And foughten for oure feith at Traniyssene
In lystes thries, and ay slayn his foe. 

In 2007-08, Barack Obama did the knyght a few better, debating Hillary Clinton et al twenty six times, and most definitely slaying McCain thrice in their general election contests.  No wonder he's nostalgic today, with the armies of the unemployed looming on the election horizon, for those mortal batailles of old.

Wednesday, July 04, 2012

A pair of July 4 warnings, and one eulogy

If I ever picked up the phone to a pollster, I guess I'd have to say I don't like the country's direction. To celebrate the Fourth, then, I'd like to highlight a trio of warnings/diagnoses published today.

The first is by Kurt Andersen, writing in the Times about The Downside of Liberty. He is not the first to link the sixties mantra "if it feels good, do it," with the '80s' "greed is good," but he does so cogently:

Tuesday, July 03, 2012

Justice Roberts spares the country's pound of flesh

I had deja vu as I read John Roberts' decision deeming the individual mandate both an impermissible exercise of Congress's Commerce Clause power and a constitutional exercise of its taxing power.  I was taken back to Shakespeare's court of Venice:
A pound of that same merchant's flesh is thine:
The court awards it, and the law doth give it.

Most rightful judge!

And you must cut this flesh from off his breast:
The law allows it, and the court awards it.

Most learned judge! A sentence! Come, prepare!

Tarry a little; there is something else.
This bond doth give thee here no jot of blood;
The words expressly are 'a pound of flesh:'
Take then thy bond, take thou thy pound of flesh;
But, in the cutting it, if thou dost shed
One drop of Christian blood, thy lands and goods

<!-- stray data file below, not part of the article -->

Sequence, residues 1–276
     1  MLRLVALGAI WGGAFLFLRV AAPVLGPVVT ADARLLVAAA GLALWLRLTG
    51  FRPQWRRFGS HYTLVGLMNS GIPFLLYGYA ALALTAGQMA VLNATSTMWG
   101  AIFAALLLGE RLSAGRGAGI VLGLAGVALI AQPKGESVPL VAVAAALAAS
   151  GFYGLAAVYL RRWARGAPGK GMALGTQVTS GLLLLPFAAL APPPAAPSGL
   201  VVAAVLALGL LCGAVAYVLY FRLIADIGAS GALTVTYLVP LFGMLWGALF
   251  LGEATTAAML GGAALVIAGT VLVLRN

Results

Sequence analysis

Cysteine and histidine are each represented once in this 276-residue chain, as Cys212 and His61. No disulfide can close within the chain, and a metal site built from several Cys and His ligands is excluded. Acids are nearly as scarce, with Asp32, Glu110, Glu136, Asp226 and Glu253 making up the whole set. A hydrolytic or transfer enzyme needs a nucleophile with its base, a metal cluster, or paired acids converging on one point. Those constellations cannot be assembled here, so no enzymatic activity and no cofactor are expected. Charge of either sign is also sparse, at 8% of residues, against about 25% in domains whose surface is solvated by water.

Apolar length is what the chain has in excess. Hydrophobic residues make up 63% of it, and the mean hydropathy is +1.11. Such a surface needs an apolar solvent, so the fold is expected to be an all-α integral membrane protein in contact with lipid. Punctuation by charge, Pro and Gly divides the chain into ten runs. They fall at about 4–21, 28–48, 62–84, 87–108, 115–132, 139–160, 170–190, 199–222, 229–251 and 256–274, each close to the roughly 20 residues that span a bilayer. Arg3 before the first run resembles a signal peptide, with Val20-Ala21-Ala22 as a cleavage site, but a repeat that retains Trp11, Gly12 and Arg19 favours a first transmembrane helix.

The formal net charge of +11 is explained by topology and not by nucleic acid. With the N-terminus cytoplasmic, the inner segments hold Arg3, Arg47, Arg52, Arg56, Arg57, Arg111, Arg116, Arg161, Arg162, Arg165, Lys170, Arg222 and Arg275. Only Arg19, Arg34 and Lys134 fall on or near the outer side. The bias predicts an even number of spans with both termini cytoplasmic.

Are, by the laws of Venice, confiscate
Unto the state of Venice.

O upright judge! (Merchant of Venice IV. 1. 298-312).

Monday, July 02, 2012

Broccoli-robbed! The Wall Street Journal's beef with John Roberts

In the wake of Chief Justice John Roberts' division of the mandate baby, the Wall Street Journal editorial board laments:
From now on, Congress can simply regulate interstate commerce by imposing "taxes" whenever someone does or does not do something contrary to its desires.
That's true!  Also on target is the editorialists' complaint against Roberts' sleight-of-hand (which I noted myself on Saturday):
[Roberts] also temporizes that "taxes that seek to influence conduct are nothing new."

True enough, but the punishments in the tax code for inactivity come in the form of not being able to claim benefits that Congress in its graces bestows. Such as: If you don't borrow to buy a home, you don't get a mortgage interest deduction.

Congress has never passed a tax on a lack of gasoline or a tax on a failure to buy gasoline, any more than Congress can regulate inactivity under the Commerce Clause by telling people to buy gasoline or else pay a penalty.
 This reality-based analysis, however, serves a fantasy:
The reality is that Washington would love to regulate the ordinary economic choices that used to be beyond its purview, and now it will be able to abuse the ad hoc "tax" permit that the Chief Justice has given it.